Cypherpunks: Freedom and the Future of the Internet
Now, in what is sure to be a wave-making new book, Assange brings together a small gro ...more
Plagiarism has been the flashpoint on GR this weekend. I thought about the controversy when copyright law is called into question throughout Cypherpunks. Sharing and privacy not only maintain autonomy, so the book goes, but each further civilization. It is difficult to argue with that. That said, this discussion was all a bit "meh" ...more
-Missing for 1 month
-his organization being infiltrated?
-he said" if I disappear I am going to release this key data..."
-Assange’s internet access being tampered with...
Is Wikileaks founder Julian Assange missing? No “proof of life,” fans say
EMERGENCY: JULIAN ASSANGE MISSING, POSSIBLY DEAD
Assange a modern day Founding Father
Those were notes of Nov 26, 2016.
I must add he's been arrested las ...more
Whether o ...more
But this book's good. Here are some quotes that jumped out at me:
Within a few years, global civilization will be a postmodern surveillance dystopia, from which escape for all but the most skilled individuals will be impossible. In fact, we may already be there.
It is important to understand ...more
shall we be content to obey them,
or shall we endeavor to amend them,
and obey them until we have succeeded,
or shall we transgress them at once?
- Henry David Thoreau
I am writing this as I have the documentary 'The Internet's Own Boy: The Story of Aaron Swartz' running in my next tab. Because it kind of gives me the feel, the kick to write a review of this book and related books and also share what I feel about issues like these what Assange, Appelbaum, Jeremie and Andy were ...more
The discusions here are good for business men, for tech fans, and for human rights activists. Well, everybody should know at least a bit of what it contains: a very healthy discussion about modern technology, and what using it truly means to our rights, our privacy and our freedom most of all.
What to do if you like technology, but you also like your freedom of thought, and of speech? What can be done to stay in a world like ours, and not ...more
I've been reading the related developments in t ...more
What I do recommend is that you read this article: http://www.lrb.co.uk/v36/n05/andrew-o... about Assange, before or after you read this one. Written by the ghostwriter of what was supposed to be the authorized biography of Assange. Take your time, it's a long r ...more
The message of this book is not that we are all constantly spied on by all state organizations. This is obvious and proven thanks to the Snowden revelations, we wouldn't need a book for this (even if this book has been published before those revelations, some of them were already known to people watching the leaks on Wikileaks).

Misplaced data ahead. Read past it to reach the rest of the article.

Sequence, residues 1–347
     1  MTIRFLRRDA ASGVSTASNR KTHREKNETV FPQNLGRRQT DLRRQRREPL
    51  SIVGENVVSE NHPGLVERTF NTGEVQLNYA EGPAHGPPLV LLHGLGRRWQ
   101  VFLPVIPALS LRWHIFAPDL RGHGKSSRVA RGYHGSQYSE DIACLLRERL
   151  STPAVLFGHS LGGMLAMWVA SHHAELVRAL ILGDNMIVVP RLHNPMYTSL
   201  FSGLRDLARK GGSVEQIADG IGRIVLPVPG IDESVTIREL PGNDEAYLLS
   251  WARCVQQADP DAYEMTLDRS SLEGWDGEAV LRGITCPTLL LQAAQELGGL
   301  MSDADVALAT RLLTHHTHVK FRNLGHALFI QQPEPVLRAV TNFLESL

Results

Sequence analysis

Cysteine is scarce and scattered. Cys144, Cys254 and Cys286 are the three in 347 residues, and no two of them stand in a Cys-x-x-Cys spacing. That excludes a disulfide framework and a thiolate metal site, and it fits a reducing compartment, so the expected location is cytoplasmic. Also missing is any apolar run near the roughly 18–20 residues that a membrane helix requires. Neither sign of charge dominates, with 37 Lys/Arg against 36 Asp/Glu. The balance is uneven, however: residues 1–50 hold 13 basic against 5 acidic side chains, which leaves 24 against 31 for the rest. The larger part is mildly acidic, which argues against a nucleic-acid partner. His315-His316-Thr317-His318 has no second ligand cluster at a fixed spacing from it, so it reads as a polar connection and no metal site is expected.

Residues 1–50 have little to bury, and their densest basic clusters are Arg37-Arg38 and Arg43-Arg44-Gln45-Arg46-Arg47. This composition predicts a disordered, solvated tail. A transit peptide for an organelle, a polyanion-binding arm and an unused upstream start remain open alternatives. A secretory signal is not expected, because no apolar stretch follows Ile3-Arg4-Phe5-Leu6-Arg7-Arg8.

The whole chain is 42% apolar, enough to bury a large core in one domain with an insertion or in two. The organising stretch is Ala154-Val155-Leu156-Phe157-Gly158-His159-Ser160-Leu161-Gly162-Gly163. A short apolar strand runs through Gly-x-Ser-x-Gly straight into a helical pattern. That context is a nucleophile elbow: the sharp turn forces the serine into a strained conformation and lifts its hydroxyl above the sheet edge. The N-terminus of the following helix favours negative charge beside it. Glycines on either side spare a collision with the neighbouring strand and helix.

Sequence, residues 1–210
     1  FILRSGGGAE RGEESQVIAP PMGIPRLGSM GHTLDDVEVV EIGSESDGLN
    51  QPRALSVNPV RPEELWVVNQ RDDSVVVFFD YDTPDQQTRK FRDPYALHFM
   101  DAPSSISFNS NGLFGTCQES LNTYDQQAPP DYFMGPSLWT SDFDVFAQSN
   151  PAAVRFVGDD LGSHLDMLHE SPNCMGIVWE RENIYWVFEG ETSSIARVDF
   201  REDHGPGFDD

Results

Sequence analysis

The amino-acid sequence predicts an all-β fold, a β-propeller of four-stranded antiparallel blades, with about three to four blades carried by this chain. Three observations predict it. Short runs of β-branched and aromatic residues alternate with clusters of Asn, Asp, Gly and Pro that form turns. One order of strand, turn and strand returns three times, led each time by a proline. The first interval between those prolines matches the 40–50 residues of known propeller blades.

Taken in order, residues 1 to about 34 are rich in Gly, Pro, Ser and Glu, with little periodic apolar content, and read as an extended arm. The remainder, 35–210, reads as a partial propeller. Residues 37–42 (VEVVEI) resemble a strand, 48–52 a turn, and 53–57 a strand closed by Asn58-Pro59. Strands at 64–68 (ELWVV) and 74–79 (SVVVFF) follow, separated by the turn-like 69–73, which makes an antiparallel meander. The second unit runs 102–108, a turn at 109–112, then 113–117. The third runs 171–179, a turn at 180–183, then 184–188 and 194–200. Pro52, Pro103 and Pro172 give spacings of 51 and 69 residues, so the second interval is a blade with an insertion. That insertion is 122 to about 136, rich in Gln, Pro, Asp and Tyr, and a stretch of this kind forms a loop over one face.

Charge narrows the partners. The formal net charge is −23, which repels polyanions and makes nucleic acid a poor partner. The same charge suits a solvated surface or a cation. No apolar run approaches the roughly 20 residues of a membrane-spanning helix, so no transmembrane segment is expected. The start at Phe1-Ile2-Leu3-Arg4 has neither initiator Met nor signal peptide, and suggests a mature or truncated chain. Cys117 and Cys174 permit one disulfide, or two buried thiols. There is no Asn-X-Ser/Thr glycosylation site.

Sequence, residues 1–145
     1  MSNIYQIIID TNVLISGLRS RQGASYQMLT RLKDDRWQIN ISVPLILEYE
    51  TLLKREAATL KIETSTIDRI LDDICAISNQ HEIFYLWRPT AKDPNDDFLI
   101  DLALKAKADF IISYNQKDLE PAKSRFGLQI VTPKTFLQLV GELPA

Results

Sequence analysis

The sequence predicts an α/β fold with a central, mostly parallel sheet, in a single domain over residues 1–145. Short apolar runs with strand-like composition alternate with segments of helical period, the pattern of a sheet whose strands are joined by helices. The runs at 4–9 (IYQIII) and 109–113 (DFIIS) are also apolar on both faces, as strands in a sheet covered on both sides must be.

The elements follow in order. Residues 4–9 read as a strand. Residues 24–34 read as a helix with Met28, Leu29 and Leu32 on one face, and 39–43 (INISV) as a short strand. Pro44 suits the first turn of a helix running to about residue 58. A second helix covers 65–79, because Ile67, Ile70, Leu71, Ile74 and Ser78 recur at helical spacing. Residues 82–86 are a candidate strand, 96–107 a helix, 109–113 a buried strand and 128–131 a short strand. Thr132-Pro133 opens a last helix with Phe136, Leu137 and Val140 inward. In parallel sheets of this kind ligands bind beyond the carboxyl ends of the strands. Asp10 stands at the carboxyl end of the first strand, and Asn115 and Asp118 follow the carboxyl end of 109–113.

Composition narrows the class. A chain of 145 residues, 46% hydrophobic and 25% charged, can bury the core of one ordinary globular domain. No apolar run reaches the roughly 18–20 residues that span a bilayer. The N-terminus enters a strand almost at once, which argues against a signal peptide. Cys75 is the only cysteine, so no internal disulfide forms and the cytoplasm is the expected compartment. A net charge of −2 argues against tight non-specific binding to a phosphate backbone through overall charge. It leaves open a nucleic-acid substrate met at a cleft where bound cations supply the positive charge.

This book is a conversation between four knowledgeable people about the implications of this. The book is useful for learning how to think about "state surveillance" usin...more
As others have pointed out, the book has an interview-like conversational style with 4 different authors talking back and forth (It's not really just Julian Assange). I kind of liked the spontaneous style. A lot o ...more
Regardless of which one it is, this book wont disappoint in exploring that which it promises: freedom, censorship, law, injustice, privacy, and much much more. Cypherpunks are the true advocates of privacy through encryption and the author invests a lot of time in discussions about why privacy is importa ...more
The first and last paragraph of this book are awesome. Since Edward Snowden delated the mass surveillance of NSA, even the more skeptic people started to believe that there's no conspiracy theory, that they are real and occur a decades indeed.
After several hiatus in this last years, I finally finished this book.
I just wish I could be one of those clever rats running around the opera house...at least my sign is ra ...more
Wikileaks, Bradley Manning, trodden paths, no more VISA money.
The relay we all know.
But this 'round table' is actually worth the read, an easy quick one at that.
These guys actually know what they are talking about, and especially following the footnotes provides a clear insight.
Cyberpunks do not call revolution, they call conservation. And sense. ...more
Which side do you choose? And will you be proud of that choice in 20 years time?
One of the discussion explains it best:
"The Four Horsemen of the Info-pocalypse: child pornography, terrorism, money laundering and The War on Some Drugs."
Because of these emotional issues, all the mass-surveillance aspects are justified by powerful men and systems, things which run the world for ages are justified. There are 2 aspects to such systems, not only do we monitor terrorists, porn cr ...more
The content was interesting, and I appreciated the discussion. It is a warning about the freedom of the internet and lack of privacy. My main gripe with the book is that there's no suggestions for how to fix it. The only suggestions from the book are to use Tor and to be an activist. An activist for what? How do we begin to unravel this mass surveillance state that we'v ...more
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These transformations have come about silently, because those who know what is going on work in the global surveillance industry and have no incentives to speak out. Left to its own trajectory, within a few years, global civilization will be a postmodern surveillance dystopia, from which escape for all but the most skilled individuals will be impossible. In fact, we may already be there.
While many writers have considered what the internet means for global civilization, they are wrong. They are wrong because they do not have the sense of perspective that direct experience brings. They are wrong because they have never met the enemy.”